IN this English translation of the Persian work Tohfatu’l-Ahbab, the biography of Shamsud-din Muhammad Araki, an Iranian missionary of Nurbakshiyyah Sufi order in Kashmir, who is reported to have visited Kashmir for the first time in AD 1428. Tohfatu’l_Ahbab is a record of his mission in Kashmir.
The book is divided into two parts – the first gives a description of the serious professional study of Islamic theology and tradition undertaken, the rigorous penance after Sufi practices and nerve-breaking training prescribed for a spiritualist to attain perfection and become an accredited and admired Sufi saint. These details would interest scholars and believers who want to know more about the making of Sufi preceptors and Sufi orders; the second part describes how the missionary Araki translated religious injunctions into practice for spreading his faith and culture in Kashmir by a systematically worked out plan of brute force. This part describes how Araki destroys temples like Bakhi Renu, Udran, Vetalun temple, Tashwar temple, Perezehyar temple, Kuther temple and Achhabal temple to raise mosques to replace them.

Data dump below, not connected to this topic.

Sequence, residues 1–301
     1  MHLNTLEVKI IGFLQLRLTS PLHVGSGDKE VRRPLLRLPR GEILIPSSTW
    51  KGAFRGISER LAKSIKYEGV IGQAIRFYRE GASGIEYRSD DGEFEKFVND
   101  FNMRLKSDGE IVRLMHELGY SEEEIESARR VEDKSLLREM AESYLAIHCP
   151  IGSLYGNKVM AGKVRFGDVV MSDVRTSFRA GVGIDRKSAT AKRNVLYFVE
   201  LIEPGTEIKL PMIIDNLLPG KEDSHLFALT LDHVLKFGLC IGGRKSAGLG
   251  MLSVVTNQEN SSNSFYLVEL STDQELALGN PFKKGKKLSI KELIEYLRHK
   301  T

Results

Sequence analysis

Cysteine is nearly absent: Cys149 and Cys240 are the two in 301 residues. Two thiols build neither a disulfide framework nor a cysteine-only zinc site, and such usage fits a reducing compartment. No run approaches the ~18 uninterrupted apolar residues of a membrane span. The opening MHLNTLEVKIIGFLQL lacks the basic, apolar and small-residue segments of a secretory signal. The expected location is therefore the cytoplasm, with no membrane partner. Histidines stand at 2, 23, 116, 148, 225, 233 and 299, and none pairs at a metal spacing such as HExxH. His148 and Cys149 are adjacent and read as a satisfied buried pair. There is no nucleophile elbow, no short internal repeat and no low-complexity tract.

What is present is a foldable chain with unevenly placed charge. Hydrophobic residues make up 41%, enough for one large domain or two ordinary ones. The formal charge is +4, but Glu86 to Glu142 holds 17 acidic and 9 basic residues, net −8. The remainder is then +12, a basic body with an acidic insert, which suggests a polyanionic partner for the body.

Kashinath Pandit describes how the 13th-century Mongol incursions into the vast Asian region and across the great Himalayan watershed, particularly landlocked Kashmir weakened the area due to inter-group rivalry among its courtiers, nobles and Damara chiefs. In the first quarter of the 14th century, invaders from the north and west succeeded in overthrowing the 2,000-year-old Kashmiri Hindu ruling house, grab political power and lay the foundation for the Kashmir Sultanate.
This book is meant only for historians and researchers. -MG
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